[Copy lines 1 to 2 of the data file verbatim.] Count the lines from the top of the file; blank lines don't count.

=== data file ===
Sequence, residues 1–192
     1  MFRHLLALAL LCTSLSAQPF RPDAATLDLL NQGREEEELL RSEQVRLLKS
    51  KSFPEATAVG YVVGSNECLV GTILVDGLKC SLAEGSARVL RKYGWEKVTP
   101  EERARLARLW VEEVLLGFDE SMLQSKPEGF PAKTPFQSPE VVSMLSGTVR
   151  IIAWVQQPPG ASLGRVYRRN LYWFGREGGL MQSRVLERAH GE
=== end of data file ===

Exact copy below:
Sequence, residues 1–192
     1  MFRHLLALAL LCTSLSAQPF RPDAATLDLL NQGREEEELL RSEQVRLLKS